Two essays on caricature, “Quelques caricaturistes français” (1857; Some French caricaturists) and “Quelques caricaturistes étrangers” (1857; Some foreign caricaturists), prefaced by a short metaphysical theory of the comic, “De l’essence du rire” (1855; The essence of laughter), show a Baudelaire fascinated by the moral suggestiveness of this genre, which he refused to consider as minor. On the contrary, caricature exhibits, in quintessential form, the processes of simplification and expressive generalization (what Baudelaire calls “idealization”) common to all the visual arts.
Baudelaire’s last Salon in 1859 is tightly organized around the concept of imagination, in the name of which he rejects realism as a philosophically untenable position. As a subjective idealist, he argues that we do not know nature in any objective sense; all we have are the ways in which individual imaginations totalize experience. Baudelaire’s abiding commitment to Delacroix made him hostile to Courbet and unsympathetic to the contemporary developments in French landscape painting that would lead to impressionism (he could not tolerate the erosion of compositional values). It also blinded him to the novel genius of Manet. Le Peintre de la vie moderne (1863; The painter of modern life) is the fullest development of a preoccupation announced as early as the Salons of 1845 and 1846—the necessity for modern painters to find the material of their art in the reality and lifestyle of their own historical moment. A comparatively minor illustrator of worldly life, Constantin Guys, is hailed as the artist who has opened his eyes to the bizarre beauty of Second Empire Paris, its types, its fashions, and the whole new world of nightlife made possible by gas lighting. The essay was influential in creating the climate of thought and sensibility that made possible the work of artists like Toulouse- Lautrec, Degas, and, of course, Manet himself.
Charles Pierre Baudelaire. Born 9 April 1821 in Paris. Studied at the Collège Royal, Lyon, 1832–36; Lycée Louis-le-Grand, Paris, 1836–39: expelled; Pension Levêque et Bailly, Paris, baccalauréat, 1839; enrolled as a law student at the University of Paris, but led a bohemian life, contracted venereal disease, and fell into debt, 1839–40. Sent on a voyage to India by his parents, 1841, but left the ship at Mauritius and returned to Paris, 1842. Began a lifelong affair with Jeanne Duval, 1842. Lived on an inheritance from his father, from 1842: deprived by law of control over it by the Conseil Judiciaire, 1844.
Cofounder, Le Salut Public (The public salute), 1848. Fought on the barricades during the Revolution of 1848; associated with Proudhon and opposed the coup d’état of LouisNapoleon Bonaparte, December 1851, but subsequently remained aloof from politics and adopted increasingly reactionary attitudes. Involved with Marie Daubrun, 1854–55, 1859, and Apollonie Sabatier, 1857. Publication of Les Fleurs du mal, 1857, led to a trial for indecency, a fine, and suppression of six poems; extended stay in Brussels, 1864; returned to Paris and stayed in a sanatorium, 1866. Died aphasiac and hemiplagiac in Paris, 31 August 1867.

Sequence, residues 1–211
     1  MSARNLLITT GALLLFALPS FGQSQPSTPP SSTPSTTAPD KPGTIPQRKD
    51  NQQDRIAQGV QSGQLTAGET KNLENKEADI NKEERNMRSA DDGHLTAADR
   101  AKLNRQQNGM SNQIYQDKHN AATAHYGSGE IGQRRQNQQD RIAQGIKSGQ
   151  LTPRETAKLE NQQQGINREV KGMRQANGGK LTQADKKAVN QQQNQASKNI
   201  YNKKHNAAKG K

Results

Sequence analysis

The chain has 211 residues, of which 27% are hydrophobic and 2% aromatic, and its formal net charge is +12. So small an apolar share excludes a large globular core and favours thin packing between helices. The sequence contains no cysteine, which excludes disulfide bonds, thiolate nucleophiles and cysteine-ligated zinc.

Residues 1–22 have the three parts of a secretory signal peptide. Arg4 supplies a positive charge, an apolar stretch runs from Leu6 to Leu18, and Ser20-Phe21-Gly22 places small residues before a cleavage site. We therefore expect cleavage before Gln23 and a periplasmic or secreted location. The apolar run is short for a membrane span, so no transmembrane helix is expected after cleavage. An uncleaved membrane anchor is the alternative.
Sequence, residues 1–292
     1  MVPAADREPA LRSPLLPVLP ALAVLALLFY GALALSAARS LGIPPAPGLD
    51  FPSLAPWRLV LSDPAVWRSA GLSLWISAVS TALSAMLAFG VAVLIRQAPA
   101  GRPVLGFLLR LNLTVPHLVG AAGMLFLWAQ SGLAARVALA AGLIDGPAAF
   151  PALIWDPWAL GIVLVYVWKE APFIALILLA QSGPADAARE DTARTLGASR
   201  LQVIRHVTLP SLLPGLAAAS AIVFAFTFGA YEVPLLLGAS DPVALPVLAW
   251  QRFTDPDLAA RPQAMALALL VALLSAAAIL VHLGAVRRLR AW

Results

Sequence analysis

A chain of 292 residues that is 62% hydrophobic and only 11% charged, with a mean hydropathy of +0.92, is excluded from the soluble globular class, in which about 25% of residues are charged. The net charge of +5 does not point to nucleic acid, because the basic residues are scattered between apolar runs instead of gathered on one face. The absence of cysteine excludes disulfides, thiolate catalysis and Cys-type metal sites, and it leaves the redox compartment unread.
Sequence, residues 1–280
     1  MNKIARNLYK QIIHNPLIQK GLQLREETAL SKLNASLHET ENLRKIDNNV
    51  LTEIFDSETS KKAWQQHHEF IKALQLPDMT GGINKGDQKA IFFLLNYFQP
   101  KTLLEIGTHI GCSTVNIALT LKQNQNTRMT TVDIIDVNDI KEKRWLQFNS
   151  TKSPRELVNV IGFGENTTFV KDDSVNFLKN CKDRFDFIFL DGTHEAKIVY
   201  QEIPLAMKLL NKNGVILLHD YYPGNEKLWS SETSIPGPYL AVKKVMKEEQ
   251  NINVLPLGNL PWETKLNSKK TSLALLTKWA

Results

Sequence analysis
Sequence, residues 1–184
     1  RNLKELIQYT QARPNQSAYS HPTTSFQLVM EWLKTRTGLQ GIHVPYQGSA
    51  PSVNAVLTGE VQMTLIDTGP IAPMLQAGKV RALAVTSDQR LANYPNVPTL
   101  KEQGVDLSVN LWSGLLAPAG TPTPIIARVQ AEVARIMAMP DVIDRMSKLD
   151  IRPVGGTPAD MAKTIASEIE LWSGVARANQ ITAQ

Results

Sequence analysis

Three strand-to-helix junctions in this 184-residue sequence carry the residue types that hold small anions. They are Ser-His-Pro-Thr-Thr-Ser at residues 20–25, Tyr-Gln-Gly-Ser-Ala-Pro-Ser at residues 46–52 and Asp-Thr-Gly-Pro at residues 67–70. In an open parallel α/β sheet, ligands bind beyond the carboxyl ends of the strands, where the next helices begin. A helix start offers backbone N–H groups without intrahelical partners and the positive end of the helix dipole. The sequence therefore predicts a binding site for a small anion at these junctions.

Essays and Related Prose
Salon de 1845, 1845; edited by André Ferran, 1933
Salon de 1846, 1846; edited by David Kelley, 1975
Les Paradis artificiels, 1860; as Artificial Paradise: On Hashish and Wine as a Means of Expanding Individuality, translated by Ellen Fox, 1971
Réflexions sur quelques-uns de mes contemporains, 1861
Le Peintre de la vie moderne, 1863
Curiosités esthétiques, 1868
L’Art romantique, 1869
Selected Critical Studies, edited by Douglas Parmée, 1949
My Heart Laid Bare and Other Prose Writings, edited by Peter Quennell, translated by Norman Cameron, 1950
The Mirror of Art: Critical Studies, edited and translated by Jonathan Mayne, 1955
The Essence of Laughter, and Other Essays, Journals, and Letters, edited by Peter Quennell, 1956
Curiosités esthétiques, L’Art romantique, et autres oeuvres critiques, edited by Henri Lemaître, 1962
Baudelaire as a Literary Critic, edited and translated by Lois Boe Hyslop and Francis E.Hyslop, Jr., 1964
The Painter of Modern Life and Other Essays, edited and translated by Jonathan Mayne, 1964
Art in Paris 1845–1862: Salons and Other Exhibitions, edited and translated by Jonathan Mayne, 1965
Selected Writings on Art and Artists, translated by P.E.Charvet, 1972
Critique d’art; Critique musicale, edited by Claude Pichois, 1992
Other writings: poetry (including the collections Les Fleurs du mal [The Flowers of Evil], 1857 and 1861, and Petits Poèmes en prose [or Le Spleen de Paris], 1869). Also translated tales by Edgar Allan Poe.
Collected works editions: OEuvres complètes, edited by Jacques Crépet and Claude Pichois, 19 vols., 1922–53; OEuvres complètes (Pléiade Edition), edited by Claude Pichois, 2 vols., 1975–76.
Cargo, Robert T., Baudelaire Criticism 1950–1967, Tuscaloosa: University of Alabama Press, 1968
Gilman, Margaret, Baudelaire the Critic, New York: Columbia University Press, 1943
Hyslop, Lois Boe, Charles Baudelaire Revisited, Boston: Twayne, 1992
Lloyd, Rosemary, Baudelaire’s Literary Criticism, Cambridge and New York: Cambridge University Press, 1981
Loncke, Joycelynne, Baudelaire et la musique, Paris: Nizet, 1975
Pichois, Claude, and Jean Ziegler, Baudelaire, New York: Viking Penguin, and London: Hamilton, 1989
Raser, Timothy, A Poetics of Art Criticism: The Case of Baudelaire, Chapel Hill: North Carolina Studies in the Romance Languages and Literatures, 1989
Richardson, Joanna, Baudelaire, London: Murray, and New York: St. Martin’s Press, 1994
Starkie, Enid, Baudelaire, London: Faber, 1957; New York: New Directions, 1958